The most surprising thing about the Composition Department is every week you get something unexpected…It’s exciting, and I think everyone really enjoys it. [Studying Composition here] you don't have many limitations; it allows you to really express yourself as a musician. It doesn’t try to push ideas on you, it allows you to create your own ideas and possibilities through music.
The most surprising thing in the composition department? It’s difficult to say, because actually every week you get something unexpected. We have a composers’ session every week where all the composition department get together and we have guest speakers who come in; and you have no idea who they’re going to be, and you have no idea what you’re going to do; you never really know what you’re going to get from that. And in a way it’s similar to composition, because when you start writing a piece you never really know how it’s going to turn out; so many things change. I think Dominic [Murcott], the Head of Composition tries to incorporate that, and to put us in that mindset where you never really know what’s going to happen.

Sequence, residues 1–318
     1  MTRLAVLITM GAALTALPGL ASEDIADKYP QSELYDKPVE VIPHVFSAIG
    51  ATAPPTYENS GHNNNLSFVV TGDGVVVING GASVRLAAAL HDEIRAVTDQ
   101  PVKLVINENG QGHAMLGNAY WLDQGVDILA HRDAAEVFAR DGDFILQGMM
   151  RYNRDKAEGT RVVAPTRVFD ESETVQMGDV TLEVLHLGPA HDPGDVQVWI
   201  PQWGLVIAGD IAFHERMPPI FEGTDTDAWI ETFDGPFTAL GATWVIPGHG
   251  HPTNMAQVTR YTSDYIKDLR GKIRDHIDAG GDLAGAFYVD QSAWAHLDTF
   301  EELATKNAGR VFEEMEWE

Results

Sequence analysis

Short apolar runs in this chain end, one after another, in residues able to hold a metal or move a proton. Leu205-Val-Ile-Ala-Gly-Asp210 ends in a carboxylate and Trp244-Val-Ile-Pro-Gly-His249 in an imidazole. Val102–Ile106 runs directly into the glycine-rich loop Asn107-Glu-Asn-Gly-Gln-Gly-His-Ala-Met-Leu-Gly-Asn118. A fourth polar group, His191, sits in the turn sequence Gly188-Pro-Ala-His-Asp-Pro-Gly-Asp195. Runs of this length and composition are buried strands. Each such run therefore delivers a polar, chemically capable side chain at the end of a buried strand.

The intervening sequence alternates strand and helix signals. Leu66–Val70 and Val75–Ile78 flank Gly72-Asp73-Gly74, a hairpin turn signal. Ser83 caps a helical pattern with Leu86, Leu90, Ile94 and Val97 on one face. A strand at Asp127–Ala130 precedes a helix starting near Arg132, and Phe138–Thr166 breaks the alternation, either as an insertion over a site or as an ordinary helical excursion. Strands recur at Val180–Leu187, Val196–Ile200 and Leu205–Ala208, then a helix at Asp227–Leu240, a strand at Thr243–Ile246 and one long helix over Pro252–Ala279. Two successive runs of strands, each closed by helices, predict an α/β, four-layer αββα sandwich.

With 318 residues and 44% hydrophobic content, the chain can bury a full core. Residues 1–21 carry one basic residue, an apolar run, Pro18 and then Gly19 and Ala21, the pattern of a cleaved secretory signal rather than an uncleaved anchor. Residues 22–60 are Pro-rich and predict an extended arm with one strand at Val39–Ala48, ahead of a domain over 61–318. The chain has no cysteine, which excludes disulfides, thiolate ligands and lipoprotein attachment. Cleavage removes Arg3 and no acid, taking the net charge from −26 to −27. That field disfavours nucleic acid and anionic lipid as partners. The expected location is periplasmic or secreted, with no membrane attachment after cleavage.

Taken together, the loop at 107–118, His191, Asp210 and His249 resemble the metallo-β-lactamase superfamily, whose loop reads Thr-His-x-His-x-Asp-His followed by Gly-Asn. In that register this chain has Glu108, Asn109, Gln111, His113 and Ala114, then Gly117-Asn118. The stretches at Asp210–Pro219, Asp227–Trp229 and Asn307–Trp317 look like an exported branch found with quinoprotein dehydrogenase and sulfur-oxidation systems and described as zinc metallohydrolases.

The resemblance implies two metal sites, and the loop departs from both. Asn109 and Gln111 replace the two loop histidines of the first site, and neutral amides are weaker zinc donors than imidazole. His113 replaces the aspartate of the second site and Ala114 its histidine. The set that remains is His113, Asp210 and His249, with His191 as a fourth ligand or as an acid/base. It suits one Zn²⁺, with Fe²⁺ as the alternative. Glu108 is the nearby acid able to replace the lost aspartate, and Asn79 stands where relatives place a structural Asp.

I think the most rewarding aspect of the course is probably the collaborations that I’ve had, and meeting such a range of musicians and dancers and musical theatre students. As a composer, they are the core of your work; if you don’t have them, then your work’s not going to get played, it’s not going to get showcased. So, building relationships with other musicians and people at the college has really helped my composing and my work, and also helped me grow as a musician because you learn so much from them about what they do. It just influences your work in such a huge way.
Trinity Laban is a unique conservatoire because it allows you to express yourself as your own musician; it doesn’t give you limitations or expect you to do certain things; it wants you to create your own ideas and your own musical aspirations. And it’s there to guide you but it also wants you to realise things for yourself.